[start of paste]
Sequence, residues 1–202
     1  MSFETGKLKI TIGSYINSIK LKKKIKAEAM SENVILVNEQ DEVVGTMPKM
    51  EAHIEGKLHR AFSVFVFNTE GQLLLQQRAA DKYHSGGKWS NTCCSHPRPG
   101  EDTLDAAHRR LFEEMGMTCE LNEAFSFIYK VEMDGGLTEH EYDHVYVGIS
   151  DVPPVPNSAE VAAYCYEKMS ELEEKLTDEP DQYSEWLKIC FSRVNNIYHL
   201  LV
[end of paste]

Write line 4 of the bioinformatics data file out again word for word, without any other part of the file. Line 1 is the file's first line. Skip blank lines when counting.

   101  EDTLDAAHRR LFEEMGMTCE LNEAFSFIYK VEMDGGLTEH EYDHVYVGIS